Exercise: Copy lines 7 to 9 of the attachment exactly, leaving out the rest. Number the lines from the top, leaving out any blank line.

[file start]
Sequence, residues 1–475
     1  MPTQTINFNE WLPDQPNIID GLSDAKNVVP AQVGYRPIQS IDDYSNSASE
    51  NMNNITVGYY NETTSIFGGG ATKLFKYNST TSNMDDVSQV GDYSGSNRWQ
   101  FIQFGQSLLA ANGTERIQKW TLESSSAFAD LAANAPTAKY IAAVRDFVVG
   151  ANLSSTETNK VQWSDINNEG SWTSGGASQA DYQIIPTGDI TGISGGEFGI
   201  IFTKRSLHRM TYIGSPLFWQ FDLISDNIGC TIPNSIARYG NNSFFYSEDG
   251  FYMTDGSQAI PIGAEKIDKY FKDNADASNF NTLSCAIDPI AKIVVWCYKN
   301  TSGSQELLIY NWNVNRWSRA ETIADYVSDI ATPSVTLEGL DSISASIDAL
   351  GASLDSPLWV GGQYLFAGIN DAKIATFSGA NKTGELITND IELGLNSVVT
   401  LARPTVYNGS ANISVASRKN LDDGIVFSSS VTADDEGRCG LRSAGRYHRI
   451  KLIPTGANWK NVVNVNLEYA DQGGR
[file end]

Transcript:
   251  FYMTDGSQAI PIGAEKIDKY FKDNADASNF NTLSCAIDPI AKIVVWCYKN
   301  TSGSQELLIY NWNVNRWSRA ETIADYVSDI ATPSVTLEGL DSISASIDAL
   351  GASLDSPLWV GGQYLFAGIN DAKIATFSGA NKTGELITND IELGLNSVVT